Comedian Jerry Lewis offered hope to families with relatives suffering from Muscular Dystrophy. He died Saturday at the age of 91. When I was younger, I watched the telethon with rapt attention; for whatever reason, I was drawn to it and the cause. At age 9, I held my own Muscular Dystrophy carnival. In high school we watched the local fundraiser live, in a mall. I went to a college that was handicapped accessible, and one of my classmates had MD. I even saw him on the telethon my junior year of college.
When I gave birth to my twins in 1998, my daughter Stephanie was born with a neuromuscular disorder, similar to MD but not, there is still to this day, no diagnosis.
As we struggled to care for her deteriorating body, the telethon held a different meaning for me. This time what they did, the research and care of those afflicted, had relevance in my life. I will never forget the first time I called during the telethon to donate; I could barely speak to make my pledge.
Though we didn't have a diagnosis of Muscular Dystrophy and was unable to utilize the facilities, I still donated, because I understood how difficult it was to care for someone whose body was dying. Physical therapy, doctor's appointments, medicine, nursing care, hospice care. I would watch the telethon, as long as I could stand it, crying because it as so close, because I felt the hope, that some day, all these undiagnosed diseases would have a name. Because with a name, there was a gene and with a gene a treatment could be researched. Hope.
Some day other parents wouldn't have to live through the pain, anger, sleepless nights, nursing shortages, as they watched their child suffer with breathing issues, oxygen shortages just before the weekend, or hospital stays.
Jerry was the spokesperson for the Muscular Dystrophy Association and no one knew the reason why he did this. Why he stayed up for three days over Labor Day weekend, every year. Only his first wife knew. It was a remarkable devotion to a cause and his death makes me sad. It's a reminder of my daughter and her struggle, of all the times, I searched for resources to assist with finding medical equipment or nursing help. What the MDA does for so many is make it easier for families to care for their loved ones and most importantly it offers hope that one day a cure will be found. May he rest in peace. He will be missed.
To donate – MDA.org
On March 29, 1999, I watched my daughter Stephanie Paige Steines take her last breath. She was born with a neuromuscular disease of unknown origin. It is something that stays with you the rest of your life, only time makes it hurt less; I no longer cry starting a month before her death, and that day, sometimes it passes without recognition. I always remember though.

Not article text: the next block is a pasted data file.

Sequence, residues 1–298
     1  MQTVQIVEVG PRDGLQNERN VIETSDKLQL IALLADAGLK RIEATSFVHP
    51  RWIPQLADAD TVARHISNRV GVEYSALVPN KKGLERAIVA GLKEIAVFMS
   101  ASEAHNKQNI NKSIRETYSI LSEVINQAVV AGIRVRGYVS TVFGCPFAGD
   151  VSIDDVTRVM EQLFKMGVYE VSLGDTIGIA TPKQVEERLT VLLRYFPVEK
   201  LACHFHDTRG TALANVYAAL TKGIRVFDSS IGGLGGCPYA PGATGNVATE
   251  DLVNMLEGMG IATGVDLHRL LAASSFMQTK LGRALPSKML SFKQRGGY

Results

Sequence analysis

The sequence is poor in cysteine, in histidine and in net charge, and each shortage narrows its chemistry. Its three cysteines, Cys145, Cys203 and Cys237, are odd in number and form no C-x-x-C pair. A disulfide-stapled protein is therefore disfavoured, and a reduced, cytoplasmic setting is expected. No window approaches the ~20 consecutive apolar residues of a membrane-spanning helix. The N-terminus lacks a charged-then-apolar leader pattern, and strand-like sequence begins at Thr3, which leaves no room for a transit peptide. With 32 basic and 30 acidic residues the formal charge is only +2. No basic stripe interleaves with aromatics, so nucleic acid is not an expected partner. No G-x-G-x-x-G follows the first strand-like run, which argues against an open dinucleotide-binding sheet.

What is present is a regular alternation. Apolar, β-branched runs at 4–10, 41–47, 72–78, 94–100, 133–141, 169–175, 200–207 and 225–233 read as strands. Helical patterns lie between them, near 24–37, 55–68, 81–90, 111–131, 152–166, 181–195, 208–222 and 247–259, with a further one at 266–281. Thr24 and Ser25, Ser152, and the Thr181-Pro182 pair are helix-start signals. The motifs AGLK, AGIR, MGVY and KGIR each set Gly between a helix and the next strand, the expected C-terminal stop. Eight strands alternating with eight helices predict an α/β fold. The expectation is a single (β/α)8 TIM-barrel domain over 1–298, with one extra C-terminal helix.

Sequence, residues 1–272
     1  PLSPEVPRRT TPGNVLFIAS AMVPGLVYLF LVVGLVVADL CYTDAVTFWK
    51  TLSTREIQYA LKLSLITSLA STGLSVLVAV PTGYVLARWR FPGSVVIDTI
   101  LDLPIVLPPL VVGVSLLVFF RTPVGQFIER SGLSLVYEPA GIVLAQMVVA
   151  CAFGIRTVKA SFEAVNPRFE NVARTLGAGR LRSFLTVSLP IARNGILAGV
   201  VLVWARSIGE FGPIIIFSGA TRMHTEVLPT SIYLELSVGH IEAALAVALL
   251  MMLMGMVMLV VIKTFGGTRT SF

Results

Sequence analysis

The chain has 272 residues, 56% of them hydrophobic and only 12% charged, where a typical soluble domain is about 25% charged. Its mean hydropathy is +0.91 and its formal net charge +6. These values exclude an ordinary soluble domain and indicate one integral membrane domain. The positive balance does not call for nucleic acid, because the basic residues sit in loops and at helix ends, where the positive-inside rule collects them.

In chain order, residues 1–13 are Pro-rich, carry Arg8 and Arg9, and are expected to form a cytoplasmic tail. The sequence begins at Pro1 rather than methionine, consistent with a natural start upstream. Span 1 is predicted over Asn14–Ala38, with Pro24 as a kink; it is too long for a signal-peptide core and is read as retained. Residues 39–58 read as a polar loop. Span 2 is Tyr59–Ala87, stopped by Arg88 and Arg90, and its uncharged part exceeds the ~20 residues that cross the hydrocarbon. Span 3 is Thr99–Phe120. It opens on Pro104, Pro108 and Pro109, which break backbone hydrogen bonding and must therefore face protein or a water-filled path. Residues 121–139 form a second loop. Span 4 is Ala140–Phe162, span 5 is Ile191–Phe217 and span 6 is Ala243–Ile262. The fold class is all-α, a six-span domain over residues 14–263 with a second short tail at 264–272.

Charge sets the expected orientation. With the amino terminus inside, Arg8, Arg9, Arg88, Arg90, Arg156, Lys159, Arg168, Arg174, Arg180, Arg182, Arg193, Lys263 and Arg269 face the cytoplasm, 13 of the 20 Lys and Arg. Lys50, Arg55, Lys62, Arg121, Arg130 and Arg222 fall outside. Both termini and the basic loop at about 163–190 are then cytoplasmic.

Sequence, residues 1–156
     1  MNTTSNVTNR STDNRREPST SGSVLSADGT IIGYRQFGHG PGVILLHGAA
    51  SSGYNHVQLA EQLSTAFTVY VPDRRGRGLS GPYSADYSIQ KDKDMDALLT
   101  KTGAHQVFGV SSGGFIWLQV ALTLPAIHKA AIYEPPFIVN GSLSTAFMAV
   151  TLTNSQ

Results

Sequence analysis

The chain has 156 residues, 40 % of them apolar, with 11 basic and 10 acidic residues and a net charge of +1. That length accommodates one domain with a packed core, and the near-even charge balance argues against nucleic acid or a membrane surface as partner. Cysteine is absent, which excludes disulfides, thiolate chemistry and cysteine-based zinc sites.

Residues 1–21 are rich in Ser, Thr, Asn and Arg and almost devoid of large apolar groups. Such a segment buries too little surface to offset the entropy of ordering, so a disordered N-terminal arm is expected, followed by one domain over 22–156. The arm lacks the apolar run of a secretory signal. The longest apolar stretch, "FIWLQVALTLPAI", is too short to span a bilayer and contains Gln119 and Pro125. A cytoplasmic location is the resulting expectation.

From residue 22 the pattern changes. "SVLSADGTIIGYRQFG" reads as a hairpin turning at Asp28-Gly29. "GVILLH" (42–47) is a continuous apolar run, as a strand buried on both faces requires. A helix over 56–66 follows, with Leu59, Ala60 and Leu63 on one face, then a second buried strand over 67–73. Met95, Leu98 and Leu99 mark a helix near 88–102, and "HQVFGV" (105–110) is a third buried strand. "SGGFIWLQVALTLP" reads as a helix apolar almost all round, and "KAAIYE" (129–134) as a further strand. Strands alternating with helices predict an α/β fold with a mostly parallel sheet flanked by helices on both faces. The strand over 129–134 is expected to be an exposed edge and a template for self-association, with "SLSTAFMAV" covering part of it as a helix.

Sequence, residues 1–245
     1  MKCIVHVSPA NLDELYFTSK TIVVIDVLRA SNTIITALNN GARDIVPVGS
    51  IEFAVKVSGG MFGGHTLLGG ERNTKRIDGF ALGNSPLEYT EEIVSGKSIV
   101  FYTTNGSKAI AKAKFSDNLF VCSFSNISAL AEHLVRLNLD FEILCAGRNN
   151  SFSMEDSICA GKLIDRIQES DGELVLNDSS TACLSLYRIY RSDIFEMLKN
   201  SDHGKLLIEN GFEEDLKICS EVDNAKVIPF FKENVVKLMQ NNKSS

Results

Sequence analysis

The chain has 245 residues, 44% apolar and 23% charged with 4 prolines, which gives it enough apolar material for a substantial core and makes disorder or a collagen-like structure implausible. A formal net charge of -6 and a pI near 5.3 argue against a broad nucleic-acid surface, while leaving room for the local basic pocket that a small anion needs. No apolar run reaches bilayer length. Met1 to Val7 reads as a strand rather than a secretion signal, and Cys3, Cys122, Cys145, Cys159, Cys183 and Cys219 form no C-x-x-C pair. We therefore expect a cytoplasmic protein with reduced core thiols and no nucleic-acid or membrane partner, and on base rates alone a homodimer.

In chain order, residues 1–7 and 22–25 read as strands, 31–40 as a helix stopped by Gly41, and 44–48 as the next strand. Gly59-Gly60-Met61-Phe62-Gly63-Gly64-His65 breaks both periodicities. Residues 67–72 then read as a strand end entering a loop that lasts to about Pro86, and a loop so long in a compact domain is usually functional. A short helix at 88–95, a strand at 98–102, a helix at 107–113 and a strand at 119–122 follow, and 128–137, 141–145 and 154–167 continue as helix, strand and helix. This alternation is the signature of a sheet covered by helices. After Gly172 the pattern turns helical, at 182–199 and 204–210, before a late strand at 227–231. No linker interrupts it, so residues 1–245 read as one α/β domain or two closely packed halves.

While her health deteriorated, her muscles became weak, her breathing difficult, her eating nearly impossible, I had a weird dichotomy of experiencing the other side, the wonder of her twin, my daughter Kayla, as she grew stronger, hit her milestones, thrive.
But with each milestone achieved, there was something not completely right, there should have been two reaching these ‘normal' goals.
There was always a whisper of sadness through everything that Kayla did and though I promised myself that Kayla would never have to live her life because her sister died, she'd only have to live her life because Kayla was, the whisper, the hint, a piece of the whole was always there.
I hadn't realized Kayla experienced that emptiness until almost 17 years later. Seeing other twins at school hurt, she wanted to scream out, “I'm a twin too!” I will never forget the time I was in a room with four other adults, and three of us gave birth to twins. As the two moms spoke of their twin issues, I wanted more than anything to chime in. But to talk of the loss carries a dark cloud over the conversation and it's not always the right time or place.
The loss is not just my loss, it's also Kayla's. Even though she were 11 months old when Stephanie died, we both feel it especially during great achievements, a great moving forward, always knowing, someone else should be there too.
I feel it now as Kayla is ready to graduate high school, as she's ready to enter college. I'm not just sad because my baby is all grown up. I'm sad because we are missing someone.
There is so much pride for all Kayla has been able to accomplish. Overcoming crippling anxiety, scoliosis, ADHD. She's graduating with amazing grades, a high ACT score and was accepted into three colleges. She'll be attending this fall on her way to full adulthood.
Time makes it less difficult and there are less tears, but it can never wipe away the sadness. I only hope I can make through graduation without the ugly cry.